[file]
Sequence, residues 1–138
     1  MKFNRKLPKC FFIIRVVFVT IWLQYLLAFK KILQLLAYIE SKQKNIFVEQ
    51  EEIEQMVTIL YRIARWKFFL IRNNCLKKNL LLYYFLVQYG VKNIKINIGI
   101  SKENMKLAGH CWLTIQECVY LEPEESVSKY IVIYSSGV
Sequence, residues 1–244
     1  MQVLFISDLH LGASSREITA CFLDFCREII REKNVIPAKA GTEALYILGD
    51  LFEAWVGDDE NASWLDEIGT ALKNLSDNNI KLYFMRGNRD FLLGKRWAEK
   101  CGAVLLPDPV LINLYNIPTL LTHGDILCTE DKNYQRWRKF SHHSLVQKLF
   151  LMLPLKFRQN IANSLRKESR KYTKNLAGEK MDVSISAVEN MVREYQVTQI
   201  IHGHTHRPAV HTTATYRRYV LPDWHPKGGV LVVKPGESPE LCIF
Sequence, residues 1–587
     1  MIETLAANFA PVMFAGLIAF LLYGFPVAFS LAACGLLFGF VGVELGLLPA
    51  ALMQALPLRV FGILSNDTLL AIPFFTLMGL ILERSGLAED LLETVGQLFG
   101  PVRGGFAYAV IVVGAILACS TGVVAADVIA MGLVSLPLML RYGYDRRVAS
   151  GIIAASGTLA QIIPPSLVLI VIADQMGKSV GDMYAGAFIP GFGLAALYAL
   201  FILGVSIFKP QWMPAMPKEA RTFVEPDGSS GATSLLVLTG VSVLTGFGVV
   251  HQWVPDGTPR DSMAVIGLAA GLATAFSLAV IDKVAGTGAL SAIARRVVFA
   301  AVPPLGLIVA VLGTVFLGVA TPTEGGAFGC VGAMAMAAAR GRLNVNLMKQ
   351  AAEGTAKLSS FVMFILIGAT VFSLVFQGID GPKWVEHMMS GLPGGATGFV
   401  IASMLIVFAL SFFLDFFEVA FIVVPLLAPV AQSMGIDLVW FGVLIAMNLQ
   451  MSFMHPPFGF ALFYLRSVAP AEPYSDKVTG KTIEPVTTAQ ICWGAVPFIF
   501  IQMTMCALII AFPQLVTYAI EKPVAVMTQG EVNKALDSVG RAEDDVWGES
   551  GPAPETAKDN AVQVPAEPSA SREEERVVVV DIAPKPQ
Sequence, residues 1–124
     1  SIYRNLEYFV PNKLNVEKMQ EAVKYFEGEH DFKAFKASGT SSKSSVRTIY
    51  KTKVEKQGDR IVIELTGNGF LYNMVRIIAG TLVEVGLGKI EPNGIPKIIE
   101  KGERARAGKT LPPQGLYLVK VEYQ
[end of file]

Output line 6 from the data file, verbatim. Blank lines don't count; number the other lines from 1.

     1  MQVLFISDLH LGASSREITA CFLDFCREII REKNVIPAKA GTEALYILGD